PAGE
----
Contrary to images of cryptids, no one seemed to question the authenticity of the photograph itself. Instead the question of authenticity was directed at the depicted creature.
It seems like there is an aspect of the photograph, which somehow makes the imperfect quality more believable as evidence. The photograph of the creature was published not only in printed form in the newspapers, but also at the different news sites online. Everyone at home could take part of the sighting. The image became a part of your scroll, gaining new contexts from different users.
By using your hands on a touch screen you can use the zoom effect to get closer to the creature. This image existence depended heavily on the display and the interaction with it. The animal is developed in the material interaction with the hand, using a variety of senses, but also at the same time in the conception. The pixels dissolve the creature but contradictory it makes it more ”real” in a way. The resolution becomes a part of the creature itself. It becomes a trace of something we try to perceive, something we cannot fully grasp with our visual sight. Is it the creature or the photograph that appears as a hybrid? A lot of lost information is processed when looking at traces or pixels – and leaving an open space for spinning your own narrative.
The category ‘hybrid’ represents what is difficult to categorize. The hybrids often get the role of the intrusive creatures that cannot be included in a systematic classification. Because of their transcendence in form, they are categorized qua categorization. They seem disruptive to the order and structure, because they cross the boundaries and norms by accommodating several categories. Because of that they are seen as dangerous and cannot be controlled or decoded.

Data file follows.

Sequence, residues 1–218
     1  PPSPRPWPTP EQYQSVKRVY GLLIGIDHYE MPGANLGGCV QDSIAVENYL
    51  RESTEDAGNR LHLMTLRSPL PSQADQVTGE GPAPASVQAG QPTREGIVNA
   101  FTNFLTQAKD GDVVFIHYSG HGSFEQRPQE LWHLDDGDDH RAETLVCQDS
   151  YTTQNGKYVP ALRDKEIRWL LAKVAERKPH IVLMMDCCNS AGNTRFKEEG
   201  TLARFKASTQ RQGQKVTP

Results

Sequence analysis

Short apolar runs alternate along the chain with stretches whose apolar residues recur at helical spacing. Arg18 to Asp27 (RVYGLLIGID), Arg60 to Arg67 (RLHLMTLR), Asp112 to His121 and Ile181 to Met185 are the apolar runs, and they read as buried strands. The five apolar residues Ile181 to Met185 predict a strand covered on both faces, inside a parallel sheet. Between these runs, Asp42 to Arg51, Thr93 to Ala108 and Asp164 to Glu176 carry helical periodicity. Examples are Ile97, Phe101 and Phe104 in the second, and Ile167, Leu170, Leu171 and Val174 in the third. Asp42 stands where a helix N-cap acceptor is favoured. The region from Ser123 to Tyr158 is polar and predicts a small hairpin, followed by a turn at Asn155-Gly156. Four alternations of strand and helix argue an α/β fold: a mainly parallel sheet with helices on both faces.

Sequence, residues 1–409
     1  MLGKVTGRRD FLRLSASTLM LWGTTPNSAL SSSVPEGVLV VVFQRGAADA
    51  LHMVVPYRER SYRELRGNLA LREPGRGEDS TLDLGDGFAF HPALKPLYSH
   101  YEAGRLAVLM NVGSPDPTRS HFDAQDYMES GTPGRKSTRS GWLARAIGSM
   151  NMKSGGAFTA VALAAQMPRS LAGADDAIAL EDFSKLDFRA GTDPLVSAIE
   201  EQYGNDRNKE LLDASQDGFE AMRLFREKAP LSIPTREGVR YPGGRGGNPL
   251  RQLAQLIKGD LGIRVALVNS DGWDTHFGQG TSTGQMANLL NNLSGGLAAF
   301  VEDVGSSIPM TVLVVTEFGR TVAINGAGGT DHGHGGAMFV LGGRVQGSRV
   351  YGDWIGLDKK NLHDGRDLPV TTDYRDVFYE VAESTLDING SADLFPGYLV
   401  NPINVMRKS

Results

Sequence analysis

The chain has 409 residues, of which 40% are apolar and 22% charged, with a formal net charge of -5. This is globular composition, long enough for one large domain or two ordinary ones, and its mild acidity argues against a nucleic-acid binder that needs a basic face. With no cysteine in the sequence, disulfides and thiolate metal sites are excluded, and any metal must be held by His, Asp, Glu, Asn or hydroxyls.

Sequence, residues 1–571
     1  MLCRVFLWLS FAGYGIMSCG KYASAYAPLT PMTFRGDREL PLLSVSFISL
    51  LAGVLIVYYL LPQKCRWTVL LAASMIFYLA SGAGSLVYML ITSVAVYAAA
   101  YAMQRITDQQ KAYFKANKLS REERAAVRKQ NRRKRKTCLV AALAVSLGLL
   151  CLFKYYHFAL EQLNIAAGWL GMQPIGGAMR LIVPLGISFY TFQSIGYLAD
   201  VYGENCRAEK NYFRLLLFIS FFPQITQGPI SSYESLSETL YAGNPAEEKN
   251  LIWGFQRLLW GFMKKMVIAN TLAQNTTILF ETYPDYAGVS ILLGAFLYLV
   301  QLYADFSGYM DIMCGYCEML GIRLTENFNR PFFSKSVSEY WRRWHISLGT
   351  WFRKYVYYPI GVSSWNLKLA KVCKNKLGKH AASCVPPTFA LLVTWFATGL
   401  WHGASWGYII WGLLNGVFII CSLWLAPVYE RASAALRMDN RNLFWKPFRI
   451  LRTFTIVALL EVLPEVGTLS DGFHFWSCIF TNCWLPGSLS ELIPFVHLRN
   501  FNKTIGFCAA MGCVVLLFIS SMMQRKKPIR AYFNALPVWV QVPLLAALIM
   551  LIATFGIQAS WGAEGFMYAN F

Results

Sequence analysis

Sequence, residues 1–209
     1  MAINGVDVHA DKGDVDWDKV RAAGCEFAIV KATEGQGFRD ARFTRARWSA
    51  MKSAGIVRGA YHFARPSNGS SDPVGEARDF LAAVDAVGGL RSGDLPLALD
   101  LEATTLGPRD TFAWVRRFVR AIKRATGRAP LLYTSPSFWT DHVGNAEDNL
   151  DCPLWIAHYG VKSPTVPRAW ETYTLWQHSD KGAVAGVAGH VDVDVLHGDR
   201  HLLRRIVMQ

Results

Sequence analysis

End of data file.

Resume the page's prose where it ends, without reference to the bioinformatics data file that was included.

The hybrids appear in times of crisis and inhabit the margins of the world: the periphery of culture, the borderlands and the margins of the system of classification.
Because the hybrid is to be found in the dark, unknown and marginal areas, it has the opportunity to see the world in a different way, in a new light and to rearrange the existing classifications. The wolf creature certainly became a representation of hybridity back in 2012. The lack of classification and form due to the photographic materiality somehow made it a hybrid. During the search for it, it was to be found in a liminal space, where narratives were yet to be told. The unclassified, pixelated photograph became a white sheet reflecting back on our own nature, longings and fears.
Despite the furious hunt – no one captured the creature with their cameras, and to this very day the three images shown are the only recordings of the animal that exist. If it had not been for an attentive forest worker – the animal on the photographs could have stayed a mysterious creature or hybrid, which possibly would gain even more myths with the time passing.
On November the 16th 2012 a large group of ravens gathered in the Nature Reserve Thy near the Norse Lake. A forest worker observed them from a distance, and decided to take a look at the scene, since this gathering of ravens might be a sign of some form of prey or food. He found a cadaver of a wolf-like animal on the ground.
The carcass of the canid was shipped to Copenhagen for further investigations. The media in Denmark closely followed the found – could this be the mysterious creature from the bird watchers camera? The autopsy was conducted by the Danish Veterinary Institute in front of media cameras, showing the creature being torn to bits unceremoniously. The animal apparently died of natural causes. The first anatomical analysis of the carcass failed to give an answer of weather it was a wolf, a hybrid or a dog. They decided to make a test of the genetic material – turning the animal into units of DNA data. The creature could not be identified as a whole – It had to be split into atoms.
Just like the physical remains of the animal, the photographs depicting the animal, as a whole could not bring any classification either. The image clearly showed the small units or fragments of a digital photograph – the picture elements. They are traces of light and traces of reality of the creature in the Moorland. The pixelated image was suggestive and somehow invited the viewer to interact and interpret – tracing the mysterious creature in the circle, a Canis Lupus, later known as the wolf “UH8”.